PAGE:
Capote: A Biography (Books Into Film)
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One of the strongest fiction writers of his generation, Truman Capote became a literary star while still in his teens. His most phenomenal successes include Breakfast at Tiffany’s; In Cold Blood; and Other Voices, Other Rooms. Even while his literary achievements were setting the standards that other fiction and nonfiction writers would follow for generations, Capote descended into a spiral of self-destruction and despair.
This biography by Gerald Clarke was first published in 1988—just four years after Capote’s death. It was the basis for Capote, the 2005 film starring Philip Seymour Hoffman, who won an Academy Award for his performance.
Clarke paints a vivid behind-the-scenes picture of Capote’s life—based on hundreds of hours of in-depth interviews with Capote himself and the people close to him. From the glittering heights of notoriety and parties with the rich and famous to his later struggles with addiction, Capote emerges as a richly multidimensional person—both brilliant and flawed.
ABOUT THE AUTHOR
Gerald Clarke graduated from Yale as an English and American Literature major. After a short stint at Harvard Law, he turned to journalism and wrote for Time Magazine, Rolling Stone, The New Republic, and Esquire, among others. As the Show Business writer for Time, he interviewed some of his generation’s most famous people—including Mae West, Elizabeth Taylor, Raquel Welch, Alfred Hitchcock, George Lucas, and George Burns.
Intrigued by the working habits and creative genius of other writers, he began a series of in-depth profiles of famous authors—such as Allen Ginsburg, Gore Vidal, P.G. Wodehouse, Vladimir Nabokov, and Truman Capote. His profile of Capote became a full-fledged biography—with Clarke serving as a witness to the final ten years of the author’s life.
saw how artful James had been. He did everything by allusion and indirection. I made only one mistake. At the very end, when the governess sees the ghost of Miss Jessel sitting at her desk, I had a tear fall on to the desktop. Up until then it wasn’t clear whether the ghosts were real or in the governess’ mind. But the tear was real, and that spoiled everything.” Few of the critics agreed. “A beautifully turned film,” said the New York Herald Tribune reviewer, “one of the most artful hauntings to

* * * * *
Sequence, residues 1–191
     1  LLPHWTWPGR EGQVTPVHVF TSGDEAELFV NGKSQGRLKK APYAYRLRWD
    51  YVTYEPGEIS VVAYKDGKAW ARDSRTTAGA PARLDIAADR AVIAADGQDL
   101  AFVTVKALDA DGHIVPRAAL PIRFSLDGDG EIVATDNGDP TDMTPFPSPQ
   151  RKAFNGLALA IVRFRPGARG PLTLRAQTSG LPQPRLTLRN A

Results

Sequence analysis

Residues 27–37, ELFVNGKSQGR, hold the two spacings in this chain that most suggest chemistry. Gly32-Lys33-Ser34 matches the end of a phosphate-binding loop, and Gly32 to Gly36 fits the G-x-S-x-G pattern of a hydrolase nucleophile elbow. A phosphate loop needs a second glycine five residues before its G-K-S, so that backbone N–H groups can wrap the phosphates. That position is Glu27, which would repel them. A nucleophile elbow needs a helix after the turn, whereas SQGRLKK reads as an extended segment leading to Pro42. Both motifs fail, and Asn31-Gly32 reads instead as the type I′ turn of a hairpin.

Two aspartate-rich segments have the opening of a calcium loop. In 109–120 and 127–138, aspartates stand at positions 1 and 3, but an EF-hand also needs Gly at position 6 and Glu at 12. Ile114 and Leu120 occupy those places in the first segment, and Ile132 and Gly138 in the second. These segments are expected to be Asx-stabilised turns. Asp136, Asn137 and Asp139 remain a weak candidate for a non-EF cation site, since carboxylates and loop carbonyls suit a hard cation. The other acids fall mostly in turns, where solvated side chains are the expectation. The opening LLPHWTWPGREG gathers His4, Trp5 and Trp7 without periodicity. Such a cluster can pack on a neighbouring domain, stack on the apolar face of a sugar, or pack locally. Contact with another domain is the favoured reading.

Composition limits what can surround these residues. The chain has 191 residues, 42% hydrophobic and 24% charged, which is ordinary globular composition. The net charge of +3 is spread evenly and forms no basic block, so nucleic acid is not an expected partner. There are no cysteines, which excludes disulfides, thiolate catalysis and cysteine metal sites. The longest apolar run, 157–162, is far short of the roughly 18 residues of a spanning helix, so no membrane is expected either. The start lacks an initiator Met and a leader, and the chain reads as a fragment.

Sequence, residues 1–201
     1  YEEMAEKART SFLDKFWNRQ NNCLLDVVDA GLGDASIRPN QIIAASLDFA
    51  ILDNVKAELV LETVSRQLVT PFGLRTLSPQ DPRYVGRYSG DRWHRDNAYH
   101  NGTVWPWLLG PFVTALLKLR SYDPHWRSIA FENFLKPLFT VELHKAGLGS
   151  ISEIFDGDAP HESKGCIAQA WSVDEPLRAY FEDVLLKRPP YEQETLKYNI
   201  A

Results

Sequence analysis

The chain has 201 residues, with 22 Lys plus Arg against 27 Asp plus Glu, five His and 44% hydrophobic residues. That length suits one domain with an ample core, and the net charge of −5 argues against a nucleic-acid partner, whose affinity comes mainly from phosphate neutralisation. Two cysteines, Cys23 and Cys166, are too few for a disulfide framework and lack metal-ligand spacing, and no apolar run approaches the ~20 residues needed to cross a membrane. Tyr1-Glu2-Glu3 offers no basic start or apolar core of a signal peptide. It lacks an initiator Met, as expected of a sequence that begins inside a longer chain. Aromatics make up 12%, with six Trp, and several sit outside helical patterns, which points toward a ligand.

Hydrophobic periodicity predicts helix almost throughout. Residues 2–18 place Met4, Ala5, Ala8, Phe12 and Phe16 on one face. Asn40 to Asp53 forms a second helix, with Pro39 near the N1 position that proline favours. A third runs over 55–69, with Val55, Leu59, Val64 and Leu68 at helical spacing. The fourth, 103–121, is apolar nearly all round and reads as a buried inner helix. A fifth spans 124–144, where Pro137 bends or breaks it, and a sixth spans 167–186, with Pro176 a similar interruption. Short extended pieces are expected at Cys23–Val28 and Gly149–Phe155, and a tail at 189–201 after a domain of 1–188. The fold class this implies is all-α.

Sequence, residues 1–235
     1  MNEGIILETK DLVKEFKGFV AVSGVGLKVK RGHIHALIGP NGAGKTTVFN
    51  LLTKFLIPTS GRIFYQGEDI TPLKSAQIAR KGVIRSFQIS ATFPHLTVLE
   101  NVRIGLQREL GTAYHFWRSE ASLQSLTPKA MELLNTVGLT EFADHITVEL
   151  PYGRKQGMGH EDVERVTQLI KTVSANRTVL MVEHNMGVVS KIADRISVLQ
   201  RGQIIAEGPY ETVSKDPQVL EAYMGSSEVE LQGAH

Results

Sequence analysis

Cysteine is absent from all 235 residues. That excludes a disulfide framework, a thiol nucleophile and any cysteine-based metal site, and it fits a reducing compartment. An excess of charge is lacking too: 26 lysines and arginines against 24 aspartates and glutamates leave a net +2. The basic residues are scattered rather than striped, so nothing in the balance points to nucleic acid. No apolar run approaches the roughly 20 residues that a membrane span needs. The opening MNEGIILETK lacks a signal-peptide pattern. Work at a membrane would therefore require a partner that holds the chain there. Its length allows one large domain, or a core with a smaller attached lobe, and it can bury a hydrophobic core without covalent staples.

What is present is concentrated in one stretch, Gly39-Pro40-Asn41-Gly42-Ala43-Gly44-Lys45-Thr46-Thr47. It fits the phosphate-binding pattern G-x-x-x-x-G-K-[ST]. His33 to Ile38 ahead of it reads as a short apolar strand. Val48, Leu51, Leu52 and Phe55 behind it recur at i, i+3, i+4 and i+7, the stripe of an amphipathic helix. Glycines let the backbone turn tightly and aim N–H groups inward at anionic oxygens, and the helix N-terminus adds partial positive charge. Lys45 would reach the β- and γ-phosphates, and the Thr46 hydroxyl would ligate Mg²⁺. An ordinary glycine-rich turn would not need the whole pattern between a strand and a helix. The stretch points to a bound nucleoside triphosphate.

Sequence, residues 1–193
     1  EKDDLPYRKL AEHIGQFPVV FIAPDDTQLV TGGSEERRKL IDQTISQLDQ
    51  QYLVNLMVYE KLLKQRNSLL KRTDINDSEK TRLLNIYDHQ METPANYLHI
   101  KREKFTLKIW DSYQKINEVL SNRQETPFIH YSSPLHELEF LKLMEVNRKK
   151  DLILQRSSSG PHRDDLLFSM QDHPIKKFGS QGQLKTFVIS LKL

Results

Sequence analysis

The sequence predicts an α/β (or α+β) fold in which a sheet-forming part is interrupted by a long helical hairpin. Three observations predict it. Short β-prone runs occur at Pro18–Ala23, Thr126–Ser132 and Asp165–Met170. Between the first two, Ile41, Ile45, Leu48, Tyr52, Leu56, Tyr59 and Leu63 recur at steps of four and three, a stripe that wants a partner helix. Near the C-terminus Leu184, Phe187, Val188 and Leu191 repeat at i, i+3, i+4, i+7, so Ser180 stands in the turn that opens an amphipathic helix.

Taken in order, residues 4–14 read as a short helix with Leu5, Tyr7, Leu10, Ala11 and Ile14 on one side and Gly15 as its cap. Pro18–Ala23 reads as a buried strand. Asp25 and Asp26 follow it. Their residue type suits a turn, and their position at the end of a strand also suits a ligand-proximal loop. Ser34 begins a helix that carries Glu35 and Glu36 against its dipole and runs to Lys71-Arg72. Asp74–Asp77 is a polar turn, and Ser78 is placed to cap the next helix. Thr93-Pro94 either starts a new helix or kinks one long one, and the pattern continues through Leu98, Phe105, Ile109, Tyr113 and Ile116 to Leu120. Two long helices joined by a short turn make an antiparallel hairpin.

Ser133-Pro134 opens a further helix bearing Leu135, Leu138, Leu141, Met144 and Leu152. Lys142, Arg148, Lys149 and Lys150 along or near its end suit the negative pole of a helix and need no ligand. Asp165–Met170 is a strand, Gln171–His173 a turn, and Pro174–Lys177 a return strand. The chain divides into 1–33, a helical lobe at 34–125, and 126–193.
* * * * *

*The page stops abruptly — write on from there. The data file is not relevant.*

purposes, had received no formal education. Truman’s reading had been wide, certainly, but so scattered and haphazard that he had missed entirely many of the standard works of literature familiar to any graduate of a good liberal-arts college. Many of his friends, who had that advantage, were often amazed, as well as amused, by how open and naive he was in expressing his ignorance. Andrew Lyndon recalled going with him to Radio City Music Hall to see the movie version of Great Expectations.
and many others that year, two weeks in England was more than enough: in 1948 London was a depressing city, gray, dowdy and dispirited. Stringent rationing was still in effect, good food was all but impossible to find, and to conserve electricity, theaters raised their curtains at seven o’clock; by ten o’clock the streets were all but deserted. Victory over Germany had not brought the expected surcease to Britain’s privations, and the whole country seemed pervaded by a mood of hopelessness and
money and lobbying in his behalf. “All your friends are with you, of that you can be sure,” wrote Truman, who was living in Europe. “And among them please do not count me least; aside from my affection, which you already have, I will be glad to supply you with money should the need arise. This is a tough experience, and must be met with toughness: a calm head, a good lawyer.” Though he was hard pressed himself at the time, Truman delicately, and rather disarmingly, repeated his offer of financial
heavy-lidded eyes, decked out for the Rue Jacob: the inevitable blue jeans which are the trademark today of intellectuals from across the Atlantic, a gray tweed raglan covering an argyle sweater, a raspberry scarf which accentuates his pale complexion. Disheveled blond locks cover, or uncover, the forehead of a thinker.” The author who had informed American readers that he had danced on a riverboat could not resist giving his biography a still further fictional twist for the French: his ancestors